Discussion:
strange files on my computer
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slate_leeper
2018-04-05 18:08:04 UTC
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I found four strange files on my computer today:
edbres000001.jrs
edbres000002.jrs
edb.chk
edb.log


I understand that these normally having something to do with Win-7
error checking. What I am concerned about is that they appeared in my
Downloads directory. All except the .chk file are the exact same
length (5,120 kb),. The .chk file is 8 kb.) All are time stamped
yesterday, about 5 pm.

Note that these same file names exist in
windows/softwaredistribution/datastore/logs where the size of the
three larger is 1,280 kb. The latest date modified on those is
02/08/2018.

So, what are these new ones doing there, and can I delete them?

-dan z-
--
Someone who thinks logically provides
a nice contrast to the real world.
(Anonymous)
Paul
2018-04-05 18:27:35 UTC
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Post by slate_leeper
edbres000001.jrs
edbres000002.jrs
edb.chk
edb.log
I understand that these normally having something to do with Win-7
error checking. What I am concerned about is that they appeared in my
Downloads directory. All except the .chk file are the exact same
length (5,120 kb),. The .chk file is 8 kb.) All are time stamped
yesterday, about 5 pm.
Note that these same file names exist in
windows/softwaredistribution/datastore/logs where the size of the
three larger is 1,280 kb. The latest date modified on those is
02/08/2018.
So, what are these new ones doing there, and can I delete them?
-dan z-
Would they be journal files for a Jet Blue ESE database ?

Microsoft likes to use that, for things like SearchIndexer,
WindowsUpdate, and possibly some mail project.

There's not a good reason for that to be in your
Downloads folder. If you had a portable tool, that made
a jounaled database, then that might explain it.

Find some files ending in .edb on your computer,
and see if a set of journal files are right next to it.
Then compare the names, to see if the names have
a similar format.

Windows.edb is used by the Search Indexer. And
somewhere in SoftwareDistribution, should be some
sort of .edb file as well.

You may need something like Agent Ransack, to find files
like that. For example, the Search Indexer is not allowed
to index its own database file (as that would cause a loop),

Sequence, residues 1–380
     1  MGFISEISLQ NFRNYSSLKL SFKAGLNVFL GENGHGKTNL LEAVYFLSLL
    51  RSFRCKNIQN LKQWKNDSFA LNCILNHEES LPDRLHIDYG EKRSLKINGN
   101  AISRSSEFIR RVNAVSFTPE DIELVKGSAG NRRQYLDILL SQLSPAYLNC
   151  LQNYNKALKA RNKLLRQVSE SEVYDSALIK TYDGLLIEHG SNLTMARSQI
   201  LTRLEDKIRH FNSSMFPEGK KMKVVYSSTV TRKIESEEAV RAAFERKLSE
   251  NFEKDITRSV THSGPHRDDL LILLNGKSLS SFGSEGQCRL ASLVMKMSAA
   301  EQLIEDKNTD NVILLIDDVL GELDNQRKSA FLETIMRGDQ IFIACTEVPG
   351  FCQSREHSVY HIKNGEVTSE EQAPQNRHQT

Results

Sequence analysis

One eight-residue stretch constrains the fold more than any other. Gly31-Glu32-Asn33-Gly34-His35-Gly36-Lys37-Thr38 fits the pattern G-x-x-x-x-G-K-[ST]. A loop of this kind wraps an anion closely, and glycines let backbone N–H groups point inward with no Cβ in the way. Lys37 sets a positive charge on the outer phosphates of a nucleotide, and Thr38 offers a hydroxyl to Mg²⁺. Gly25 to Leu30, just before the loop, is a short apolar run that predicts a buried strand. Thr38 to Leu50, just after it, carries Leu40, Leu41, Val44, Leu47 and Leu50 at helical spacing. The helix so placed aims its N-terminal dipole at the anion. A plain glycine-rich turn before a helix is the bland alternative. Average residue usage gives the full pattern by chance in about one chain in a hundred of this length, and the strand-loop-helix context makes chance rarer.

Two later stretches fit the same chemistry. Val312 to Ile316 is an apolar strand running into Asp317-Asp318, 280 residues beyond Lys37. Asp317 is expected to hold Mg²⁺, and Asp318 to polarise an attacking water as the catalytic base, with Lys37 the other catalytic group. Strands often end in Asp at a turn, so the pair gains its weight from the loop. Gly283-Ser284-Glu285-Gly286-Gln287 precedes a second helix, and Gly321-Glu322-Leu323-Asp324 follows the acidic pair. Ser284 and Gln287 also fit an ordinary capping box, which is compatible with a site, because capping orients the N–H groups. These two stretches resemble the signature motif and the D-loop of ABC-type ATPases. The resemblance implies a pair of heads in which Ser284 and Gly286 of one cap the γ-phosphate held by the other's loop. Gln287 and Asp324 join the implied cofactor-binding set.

so by definition a Windows search box should not be able
to locate Windows.edb. But Agent Ransack or Everything.exe
shouldn't have a problem finding some .edb files for you.

*******

If you were a crazy person, you could go to the Search Indexer
control panel, move the location of the database to
your Downloads folder. And maybe then the journal files
would end up in Downloads ?

Paul
slate_leeper
2018-04-06 13:41:57 UTC
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Post by Paul
Post by slate_leeper
edbres000001.jrs
edbres000002.jrs
edb.chk
edb.log
I understand that these normally having something to do with Win-7
error checking. What I am concerned about is that they appeared in my
Downloads directory. All except the .chk file are the exact same
length (5,120 kb),. The .chk file is 8 kb.) All are time stamped
yesterday, about 5 pm.
Note that these same file names exist in
windows/softwaredistribution/datastore/logs where the size of the
three larger is 1,280 kb. The latest date modified on those is
02/08/2018.
So, what are these new ones doing there, and can I delete them?
-dan z-
Would they be journal files for a Jet Blue ESE database ?
Microsoft likes to use that, for things like SearchIndexer,
WindowsUpdate, and possibly some mail project.
There's not a good reason for that to be in your
Downloads folder. If you had a portable tool, that made
a jounaled database, then that might explain it.
Find some files ending in .edb on your computer,
and see if a set of journal files are right next to it.
Then compare the names, to see if the names have
a similar format.
Windows.edb is used by the Search Indexer. And
somewhere in SoftwareDistribution, should be some
sort of .edb file as well.
You may need something like Agent Ransack, to find files
like that. For example, the Search Indexer is not allowed
to index its own database file (as that would cause a loop),
so by definition a Windows search box should not be able
to locate Windows.edb. But Agent Ransack or Everything.exe
shouldn't have a problem finding some .edb files for you.
*******
If you were a crazy person, you could go to the Search Indexer
control panel, move the location of the database to
your Downloads folder. And maybe then the journal files
would end up in Downloads ?
Paul
Hi Paul,

I actually have the search indexer turned off (windows search service
set to disabled.)

All the .edb files found with Ransack seem to be related to Windows
Live Mail and Calendar, which may explain this. I just installed eM
Client email on both my Win-7 and new Win-10 computers. I am going to
be using this program as the default email on the Win-10 computer. I
installed it on this Win-7 computer because it automatically imports
all your existing contacts, emails, etc. from Windows Live Mail,
making it easy to put them on the new computer.

The eM Client install file is in the Downloads folder. Perhaps it
installed these files in that same folder instead of in it's own
folder in appdata.

On the other hand, maybe not related. Just ran that email program, and
date modified on these files did not change. But then the Live Mail
ones haven't changed since early February, and I run that at least
once daily.

Balloon tip hovering over the edb.chk file says "Recovered file
fragment - pieces of files found when your disk was scanned."

Scanned by what? I am not aware of any scans performed.

So last night I ran chkdsk /f /r /b. All checks, including files,
passed with zero errors until the end where, just before it finished
and vanished from screen to finish bootup, I saw something like
"Bitmap has been repaired."

-dan z-
--
Someone who thinks logically provides
a nice contrast to the real world.
(Anonymous)
Paul
2018-04-06 14:17:41 UTC
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Post by slate_leeper
Post by Paul
Post by slate_leeper
edbres000001.jrs
edbres000002.jrs
edb.chk
edb.log
I understand that these normally having something to do with Win-7